I am seriously considering purchasing a property with a straw bale home that is about 17 years old in a climate with 4 intense seasons. Compared to the worn out, off grid cabins and mobile homes we have considered the home looks like a dream. However I am learning about issues people have had with straw bale construction such as water getting in walls and inefficiency or drafty. I understand resale isn't great because banks generally won't finance. I love the style and looks of these homes. Is there anything I should consider or ask about when buying a straw bale home? How easy is it to repair portions of old construction that may be wearing? Thoughts? Suggestions?
You do not have to be worry if house foundation, and roof are good. As, it is the same issue as for all type of houses >> It has to be done correctly and accurately!
I'm quite sure clay is also included, right? Clay must hold water from breaking through walls.
Inefficiency? Oposite. It is one of best material for healty living in the house.
Drafty? The point of straw, and clay is actual to perform light drafty through house. The house air will be all the time fresh, and it also preventing condesations. For example when cooking.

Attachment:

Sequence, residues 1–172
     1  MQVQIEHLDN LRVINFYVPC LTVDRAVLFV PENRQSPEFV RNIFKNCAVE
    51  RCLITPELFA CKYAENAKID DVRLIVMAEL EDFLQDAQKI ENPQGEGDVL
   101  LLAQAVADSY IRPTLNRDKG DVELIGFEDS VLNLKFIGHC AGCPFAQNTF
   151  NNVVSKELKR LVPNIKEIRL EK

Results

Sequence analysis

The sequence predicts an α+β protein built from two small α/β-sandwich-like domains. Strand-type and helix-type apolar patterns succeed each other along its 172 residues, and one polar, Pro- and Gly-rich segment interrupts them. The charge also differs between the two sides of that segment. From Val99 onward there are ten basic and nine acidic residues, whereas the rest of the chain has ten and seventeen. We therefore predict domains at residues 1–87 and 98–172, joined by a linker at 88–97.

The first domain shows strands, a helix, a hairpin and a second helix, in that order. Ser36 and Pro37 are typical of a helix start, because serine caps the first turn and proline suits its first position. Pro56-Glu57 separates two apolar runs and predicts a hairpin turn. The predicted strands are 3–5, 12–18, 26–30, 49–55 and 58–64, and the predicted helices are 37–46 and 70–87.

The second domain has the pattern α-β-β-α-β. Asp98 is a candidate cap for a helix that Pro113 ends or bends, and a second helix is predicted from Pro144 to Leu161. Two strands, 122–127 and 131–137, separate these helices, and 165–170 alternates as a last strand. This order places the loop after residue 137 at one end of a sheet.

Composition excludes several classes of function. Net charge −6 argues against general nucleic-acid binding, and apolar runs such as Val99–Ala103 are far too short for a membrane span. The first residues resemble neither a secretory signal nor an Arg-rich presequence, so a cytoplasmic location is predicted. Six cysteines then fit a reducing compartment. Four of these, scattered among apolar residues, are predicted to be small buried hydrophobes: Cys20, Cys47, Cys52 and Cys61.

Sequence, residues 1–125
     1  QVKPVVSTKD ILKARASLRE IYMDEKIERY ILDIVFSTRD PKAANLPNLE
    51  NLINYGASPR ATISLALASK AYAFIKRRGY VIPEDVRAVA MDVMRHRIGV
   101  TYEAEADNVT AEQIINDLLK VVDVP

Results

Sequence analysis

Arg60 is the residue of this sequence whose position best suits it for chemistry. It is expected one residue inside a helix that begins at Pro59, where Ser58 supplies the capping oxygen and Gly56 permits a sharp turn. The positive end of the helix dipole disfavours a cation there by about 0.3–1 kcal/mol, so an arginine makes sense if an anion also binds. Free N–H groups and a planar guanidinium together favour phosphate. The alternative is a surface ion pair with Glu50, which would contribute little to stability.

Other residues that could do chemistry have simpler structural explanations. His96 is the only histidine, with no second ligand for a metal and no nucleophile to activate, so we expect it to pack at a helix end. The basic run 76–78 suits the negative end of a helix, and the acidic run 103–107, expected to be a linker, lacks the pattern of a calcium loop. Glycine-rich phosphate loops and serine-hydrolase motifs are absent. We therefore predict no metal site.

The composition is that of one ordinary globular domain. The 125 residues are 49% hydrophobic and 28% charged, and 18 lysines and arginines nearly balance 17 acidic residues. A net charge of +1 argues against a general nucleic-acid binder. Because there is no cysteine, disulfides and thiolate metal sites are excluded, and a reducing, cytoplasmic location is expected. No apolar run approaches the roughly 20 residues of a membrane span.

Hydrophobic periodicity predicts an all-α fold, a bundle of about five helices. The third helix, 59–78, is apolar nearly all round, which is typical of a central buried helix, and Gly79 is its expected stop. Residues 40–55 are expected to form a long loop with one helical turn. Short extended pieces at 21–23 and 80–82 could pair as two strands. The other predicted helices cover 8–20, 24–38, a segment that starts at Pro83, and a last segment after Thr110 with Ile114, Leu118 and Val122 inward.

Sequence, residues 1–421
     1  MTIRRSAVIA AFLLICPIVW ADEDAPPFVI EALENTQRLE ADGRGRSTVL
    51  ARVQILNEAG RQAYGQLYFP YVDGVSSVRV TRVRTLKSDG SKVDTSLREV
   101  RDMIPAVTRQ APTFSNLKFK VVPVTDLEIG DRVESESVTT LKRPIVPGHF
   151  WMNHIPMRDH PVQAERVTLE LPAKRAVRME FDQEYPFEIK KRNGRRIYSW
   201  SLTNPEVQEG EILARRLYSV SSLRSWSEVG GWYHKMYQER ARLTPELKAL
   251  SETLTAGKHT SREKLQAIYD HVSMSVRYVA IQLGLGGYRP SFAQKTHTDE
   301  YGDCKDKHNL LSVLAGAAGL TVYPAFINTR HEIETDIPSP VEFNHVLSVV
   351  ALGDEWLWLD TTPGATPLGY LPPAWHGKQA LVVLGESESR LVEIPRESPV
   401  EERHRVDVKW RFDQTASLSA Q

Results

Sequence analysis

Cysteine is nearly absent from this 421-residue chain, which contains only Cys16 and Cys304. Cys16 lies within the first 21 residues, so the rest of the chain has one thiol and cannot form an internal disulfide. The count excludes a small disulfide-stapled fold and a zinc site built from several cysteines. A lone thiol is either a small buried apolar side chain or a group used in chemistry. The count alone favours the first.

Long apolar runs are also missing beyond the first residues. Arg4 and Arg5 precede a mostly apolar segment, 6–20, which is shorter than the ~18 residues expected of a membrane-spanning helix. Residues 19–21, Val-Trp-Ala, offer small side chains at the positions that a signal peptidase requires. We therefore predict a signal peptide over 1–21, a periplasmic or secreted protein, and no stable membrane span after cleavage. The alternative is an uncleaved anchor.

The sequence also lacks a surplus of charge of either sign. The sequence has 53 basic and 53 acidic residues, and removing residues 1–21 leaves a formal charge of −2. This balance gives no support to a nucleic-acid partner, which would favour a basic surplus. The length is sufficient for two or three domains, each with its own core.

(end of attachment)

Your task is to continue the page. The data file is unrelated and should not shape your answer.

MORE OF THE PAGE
I was once in straw clay house, when housewife has prepair fishes on oil. The cooking oil smell has totally gone in 2-3h, thanks to clay vapor permeability.
Nothing is easy to repair, but also not scarry. You need time, and knowledge. If lacking knowledge, then a lot of time for constantly learning. If not knowledge, and time, then just money for hiring company.
Is house frame wooden, stone, bricks?
Can you post any pictures?
We are considering buying a 25 year old straw bale house in Central Oregon. A previous potential buyer backed out because they were unable to get insurance from a standard admitted (ie state licensed) insurer. The current owner's policy was grandfathered in, but no new standard policies are being issued by any insurers I can find. I am concerned this problem will limit my ability to sell if needed in the future.
The home has a lot of deferred maintenance. A new roof needed. There is a localized area of the wall where moisture readings are 45% and visible mold in the garage. I am not handy, and not sure how to remediate this.
However, we love the location and would like to make this work. I would appreciate any thoughts you have for us.
If you are not going to have to sink your life savings into this house (including a generous allowance for repairs), and you investigate thoroughly how far repairs are likely to have to go, I would consider doing it. The price you pay should reflect the uninsurability of the house, so if you later have to sell, you can pass on that discounted price.
Strawbale repairs should be doable by reasonably handy people. Roof repairs will depend on type of roof and how skilled you are. I would want to find out what the maximum safe moisture level is in strawbales, to know how big a problem you have. Take readings in many places.
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